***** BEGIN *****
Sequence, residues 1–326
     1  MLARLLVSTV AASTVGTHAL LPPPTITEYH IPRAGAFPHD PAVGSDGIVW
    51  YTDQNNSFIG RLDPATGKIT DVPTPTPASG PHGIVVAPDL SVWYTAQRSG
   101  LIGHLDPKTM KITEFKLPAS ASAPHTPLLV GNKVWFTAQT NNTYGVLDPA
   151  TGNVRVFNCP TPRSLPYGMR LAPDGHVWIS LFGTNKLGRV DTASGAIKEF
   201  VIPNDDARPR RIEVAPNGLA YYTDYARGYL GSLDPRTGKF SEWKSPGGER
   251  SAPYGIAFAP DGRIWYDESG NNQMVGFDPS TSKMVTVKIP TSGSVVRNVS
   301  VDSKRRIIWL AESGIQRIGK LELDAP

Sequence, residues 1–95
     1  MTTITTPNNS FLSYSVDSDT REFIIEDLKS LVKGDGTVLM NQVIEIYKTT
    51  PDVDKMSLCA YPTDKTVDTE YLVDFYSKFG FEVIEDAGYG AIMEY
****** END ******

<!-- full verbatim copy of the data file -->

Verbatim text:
Sequence, residues 1–326
     1  MLARLLVSTV AASTVGTHAL LPPPTITEYH IPRAGAFPHD PAVGSDGIVW
    51  YTDQNNSFIG RLDPATGKIT DVPTPTPASG PHGIVVAPDL SVWYTAQRSG
   101  LIGHLDPKTM KITEFKLPAS ASAPHTPLLV GNKVWFTAQT NNTYGVLDPA
   151  TGNVRVFNCP TPRSLPYGMR LAPDGHVWIS LFGTNKLGRV DTASGAIKEF
   201  VIPNDDARPR RIEVAPNGLA YYTDYARGYL GSLDPRTGKF SEWKSPGGER
   251  SAPYGIAFAP DGRIWYDESG NNQMVGFDPS TSKMVTVKIP TSGSVVRNVS
   301  VDSKRRIIWL AESGIQRIGK LELDAP

Sequence, residues 1–95
     1  MTTITTPNNS FLSYSVDSDT REFIIEDLKS LVKGDGTVLM NQVIEIYKTT
    51  PDVDKMSLCA YPTDKTVDTE YLVDFYSKFG FEVIEDAGYG AIMEY